Facebook X YouTube Instagram Pinterest NetGalley
Google Books previews are unavailable because you have chosen to turn off third party cookies for enhanced content. Visit our cookies page to review your cookie settings.

The Many Voices of Modern Physics (Hardback)

Written Communication Practices of Key Discoveries

Hobbies & Lifestyle > Science > Modern Science & Technology

Imprint: University of Pittsburgh Press
Pages: 336
ISBN: 9780822947585
Published: 31st January 2024
Casemate UK Academic


£42.40 was £53.00

You save £10.60 (20%)

You'll be £42.40 closer to your next £10.00 credit when you purchase The Many Voices of Modern Physics. What's this?
+£4.99 UK Delivery or free UK delivery if order is over £40
(click here for international delivery rates)

Need a currency converter? Check XE.com for live rates

The Many Voices of Modern Physics follows a revolution that began in 1905 when Albert Einstein published papers on special relativity and quantum theory. Unlike Newtonian physics, this new physics often departs wildly from common sense, a radical divorce that presents a unique communicative challenge to physicists when writing for other physicists or for the general public, and to journalists and popular science writers as well. In their two long careers, Joseph Harmon and the late Alan Gross have explored how scientists communicate with each other and with the general public. Here, they focus not on the history of modern physics but on its communication. In their survey of physics communications and related persuasive practices, they move from peak to peak of scientific achievement, recalling how physicists use the communicative tools available - in particular, thought experiments, analogies, visuals, and equations - to convince others that what they say is not only true but significant, that it must be incorporated into the body of scientific and general knowledge. Each chapter includes a chorus of voices, from the many celebrated physicists who devoted considerable time and ingenuity to communicating their discoveries, to the science journalists who made those discoveries accessible to the public, and even to philosophers, sociologists, historians, an opera composer, and a patent lawyer. With their final collaboration, Harmon and Gross offer a tribute to the communicative practices of the physicists who convinced their peers and the general public that the universe is a far more bizarre and interesting place than their nineteenth-century predecessors imagined.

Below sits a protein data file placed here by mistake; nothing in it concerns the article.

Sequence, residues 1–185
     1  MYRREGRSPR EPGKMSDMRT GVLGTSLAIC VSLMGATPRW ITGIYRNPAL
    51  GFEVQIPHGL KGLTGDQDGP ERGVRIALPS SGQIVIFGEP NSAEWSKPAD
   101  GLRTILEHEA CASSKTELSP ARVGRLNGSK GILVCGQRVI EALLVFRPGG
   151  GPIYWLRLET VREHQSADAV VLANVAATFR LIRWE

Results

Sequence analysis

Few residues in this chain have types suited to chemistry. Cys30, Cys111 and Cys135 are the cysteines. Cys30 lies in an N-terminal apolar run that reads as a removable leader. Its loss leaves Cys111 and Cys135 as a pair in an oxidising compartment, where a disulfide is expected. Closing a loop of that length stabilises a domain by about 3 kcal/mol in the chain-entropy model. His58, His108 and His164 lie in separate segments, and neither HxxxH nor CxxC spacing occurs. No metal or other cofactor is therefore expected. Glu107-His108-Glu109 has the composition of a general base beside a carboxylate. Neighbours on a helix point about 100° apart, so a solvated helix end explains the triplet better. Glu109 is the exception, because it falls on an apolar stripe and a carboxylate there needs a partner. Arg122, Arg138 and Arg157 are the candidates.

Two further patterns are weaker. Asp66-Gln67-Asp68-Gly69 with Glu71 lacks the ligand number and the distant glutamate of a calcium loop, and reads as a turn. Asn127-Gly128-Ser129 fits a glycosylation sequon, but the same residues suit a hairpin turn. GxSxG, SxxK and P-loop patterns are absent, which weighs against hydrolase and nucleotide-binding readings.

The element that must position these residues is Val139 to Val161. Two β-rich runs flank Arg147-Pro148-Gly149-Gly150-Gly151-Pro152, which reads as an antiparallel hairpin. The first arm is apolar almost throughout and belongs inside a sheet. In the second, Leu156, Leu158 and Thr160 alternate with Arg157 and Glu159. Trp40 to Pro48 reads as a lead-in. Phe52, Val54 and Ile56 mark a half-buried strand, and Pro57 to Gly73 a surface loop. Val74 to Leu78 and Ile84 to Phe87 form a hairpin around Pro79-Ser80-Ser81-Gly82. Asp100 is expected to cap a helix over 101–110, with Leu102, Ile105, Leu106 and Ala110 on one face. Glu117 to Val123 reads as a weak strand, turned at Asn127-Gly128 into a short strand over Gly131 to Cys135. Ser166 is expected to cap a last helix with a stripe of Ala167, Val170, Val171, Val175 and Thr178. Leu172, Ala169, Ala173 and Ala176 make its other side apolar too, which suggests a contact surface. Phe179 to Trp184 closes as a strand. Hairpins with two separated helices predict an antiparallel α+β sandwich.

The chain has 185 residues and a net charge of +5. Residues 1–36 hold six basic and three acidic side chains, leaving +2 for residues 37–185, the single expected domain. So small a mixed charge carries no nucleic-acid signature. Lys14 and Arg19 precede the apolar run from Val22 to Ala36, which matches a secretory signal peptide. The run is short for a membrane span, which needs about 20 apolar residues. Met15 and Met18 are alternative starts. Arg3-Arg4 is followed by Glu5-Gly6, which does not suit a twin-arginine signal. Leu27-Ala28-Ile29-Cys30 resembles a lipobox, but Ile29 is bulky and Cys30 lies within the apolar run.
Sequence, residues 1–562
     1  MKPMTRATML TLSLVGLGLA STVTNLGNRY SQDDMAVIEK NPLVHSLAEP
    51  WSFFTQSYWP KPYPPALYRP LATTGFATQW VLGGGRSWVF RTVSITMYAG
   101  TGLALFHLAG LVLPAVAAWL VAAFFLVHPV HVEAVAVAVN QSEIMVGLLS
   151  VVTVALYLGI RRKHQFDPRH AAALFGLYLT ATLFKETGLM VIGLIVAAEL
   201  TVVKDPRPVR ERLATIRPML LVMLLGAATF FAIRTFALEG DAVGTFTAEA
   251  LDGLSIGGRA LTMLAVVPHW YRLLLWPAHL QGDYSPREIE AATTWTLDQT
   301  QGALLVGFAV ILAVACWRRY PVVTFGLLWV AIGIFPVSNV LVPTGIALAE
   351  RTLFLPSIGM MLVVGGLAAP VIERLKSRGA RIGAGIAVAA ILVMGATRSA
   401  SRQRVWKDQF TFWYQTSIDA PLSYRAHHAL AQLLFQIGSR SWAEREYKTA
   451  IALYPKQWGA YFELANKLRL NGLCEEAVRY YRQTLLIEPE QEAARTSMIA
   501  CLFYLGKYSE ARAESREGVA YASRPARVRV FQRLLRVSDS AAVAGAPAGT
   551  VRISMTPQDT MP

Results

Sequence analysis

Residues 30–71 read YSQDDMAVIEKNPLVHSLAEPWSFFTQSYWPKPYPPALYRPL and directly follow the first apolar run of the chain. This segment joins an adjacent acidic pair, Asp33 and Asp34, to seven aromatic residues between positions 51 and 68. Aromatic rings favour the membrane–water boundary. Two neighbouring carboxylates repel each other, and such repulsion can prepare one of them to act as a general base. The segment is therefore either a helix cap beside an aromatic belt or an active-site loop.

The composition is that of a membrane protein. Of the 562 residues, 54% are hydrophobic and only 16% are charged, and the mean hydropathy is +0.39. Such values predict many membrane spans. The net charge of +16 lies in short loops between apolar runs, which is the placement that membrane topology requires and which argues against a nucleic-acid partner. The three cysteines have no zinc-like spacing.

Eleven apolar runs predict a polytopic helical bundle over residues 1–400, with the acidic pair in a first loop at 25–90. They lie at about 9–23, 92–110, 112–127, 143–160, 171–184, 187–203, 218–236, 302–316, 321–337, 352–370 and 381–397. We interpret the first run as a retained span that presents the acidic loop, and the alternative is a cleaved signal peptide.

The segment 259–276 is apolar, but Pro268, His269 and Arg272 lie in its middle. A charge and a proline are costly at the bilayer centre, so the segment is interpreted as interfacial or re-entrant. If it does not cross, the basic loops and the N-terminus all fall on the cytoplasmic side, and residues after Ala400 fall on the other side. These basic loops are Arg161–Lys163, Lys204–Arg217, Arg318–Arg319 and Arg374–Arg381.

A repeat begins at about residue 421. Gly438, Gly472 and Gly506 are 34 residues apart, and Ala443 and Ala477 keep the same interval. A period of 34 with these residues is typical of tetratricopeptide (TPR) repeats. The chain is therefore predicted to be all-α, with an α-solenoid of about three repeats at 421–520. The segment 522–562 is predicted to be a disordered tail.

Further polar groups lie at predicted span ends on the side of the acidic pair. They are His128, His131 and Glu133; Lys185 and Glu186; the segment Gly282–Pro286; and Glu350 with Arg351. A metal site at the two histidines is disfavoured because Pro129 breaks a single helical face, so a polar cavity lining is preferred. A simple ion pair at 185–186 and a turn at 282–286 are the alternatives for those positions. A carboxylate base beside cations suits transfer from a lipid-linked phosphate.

There are no reviews for this book. Register or Login now and you can be the first to post a review!

Other titles in University of Pittsburgh Press...